At the conclusion of the hearing, Adkins's attorney stressed his concerns about the photo line-up. He stated, "I think it's very clear that the one defendant who is on there smiling like a Cheshire cat is the one person who was picked out of the lineup. And it's suggestive, and it's not reliable, and I would ask that the Court suppress it today." The court denied the motion.

Adkins's jury trial took place on May 21, 2009. His attorney renewed his motion to suppress the photo line-up at the beginning of the hearing. The motion was denied, and Mbawuike testified about his encounter with Adkins. Adkins's attorney objected to Mbawuike identifying Adkins at trial based upon the suggestive nature of the photo line-up. The objection was overruled, and Mbawuike identified Adkins as the person who robbed him on September 17, 2007. The jury found Adkins guilty of aggravated robbery and felony theft of property. Adkins was sentenced to an aggregate term of forty-five years' imprisonment. This appeal followed.

Adkins argues that the trial court erred by denying his motion to suppress the pretrial identification of him by Mbawuike. He further claims that the suggestive pretrial identification tainted any subsequent identifications of him at trial. According to Adkins, the pretrial identification was unduly suggestive because his photo was the only one that showed a person grinning with his head cocked to the side and because he appeared to be farther away from the camera than the other individuals in the photo line-up.

In Bradley v. State, this court laid out the test for pretrial identifications:

A pretrial identification violates the Due Process Clause when there are suggestive elements that make it all but inevitable that the victim will identify one person as the culprit. In determining whether an in-court identification is admissible, the court looks first at whether the pretrial identification procedure was unnecessarily suggestive or is otherwise constitutionally suspect, and it is the appellant's burden to show that the pretrial identification is suspect. Reliability is the linchpin in determining the admissibility of identification testimony. Even when an identification procedure is impermissibly suggestive, the trial court may determine that, under the totality of the circumstances, the identification was sufficiently reliable for the matter to be submitted to the fact finder, and then it is for the fact finder to decide the weight the identification testimony should be given. In determining reliability, the following factors are considered: (1) the prior opportunity of the witness to observe the alleged act; (2) the accuracy of the prior description of the accused; (3) any identification of another person prior to the pretrial identification procedure; (4) the level of certainty demonstrated at the confrontation; (5) the failure of the witness to identify the defendant on a prior occasion; and (6) the lapse of time between the alleged act and the pretrial identification procedure. We do not reverse a trial court's ruling on the admissibility of identification evidence unless it is clearly erroneous, and we do not inject ourselves into the process of determining reliability unless there is a very substantial likelihood of irreparable misidentification.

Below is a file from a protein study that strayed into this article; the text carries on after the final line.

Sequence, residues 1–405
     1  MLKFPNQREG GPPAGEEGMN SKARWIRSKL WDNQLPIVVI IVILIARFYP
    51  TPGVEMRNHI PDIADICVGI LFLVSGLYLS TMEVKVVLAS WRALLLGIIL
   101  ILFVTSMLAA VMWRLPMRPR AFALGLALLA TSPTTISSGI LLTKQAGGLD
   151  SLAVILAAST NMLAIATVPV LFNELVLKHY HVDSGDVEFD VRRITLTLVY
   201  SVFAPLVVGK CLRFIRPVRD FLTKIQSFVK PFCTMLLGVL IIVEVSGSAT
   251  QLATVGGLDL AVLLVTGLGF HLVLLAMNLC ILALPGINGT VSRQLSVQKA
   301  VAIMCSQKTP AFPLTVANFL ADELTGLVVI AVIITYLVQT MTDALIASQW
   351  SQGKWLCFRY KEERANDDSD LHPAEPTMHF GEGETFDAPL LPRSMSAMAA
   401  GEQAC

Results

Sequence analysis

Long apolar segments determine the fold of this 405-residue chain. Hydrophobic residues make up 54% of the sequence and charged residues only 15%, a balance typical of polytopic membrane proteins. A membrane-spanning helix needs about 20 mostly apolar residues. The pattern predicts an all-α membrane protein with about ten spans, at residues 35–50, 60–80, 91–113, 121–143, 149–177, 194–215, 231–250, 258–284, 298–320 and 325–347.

(Internal citations omitted.)

Adkins has been unable to meet his burden of showing that the pretrial identification procedure was unduly suggestive. And even if he was able to meet his burden, the pretrial identification was reliable under the totality of the circumstances. Mbawuike was able to get a good look at the perpetrator when he entered the car; Mbawuike gave a description in line with Adkins's physical appearance; Mbawuike only identified Adkins as the person who robbed him; Mbawuike insisted that he was 100 percent sure that Adkins was the perpetrator; Mbawuike did not fail to identify Adkins on a prior occasion; and Mbawuike identified Adkins in a photo line-up only seven days after his encounter with Adkins. The trial court's decision to deny Adkins's motion to suppress Mbawuike's pretrial and in-court identification was not clearly erroneous. Therefore, we affirm.


VAUGHT, C.J., and PITTMAN, J., agree.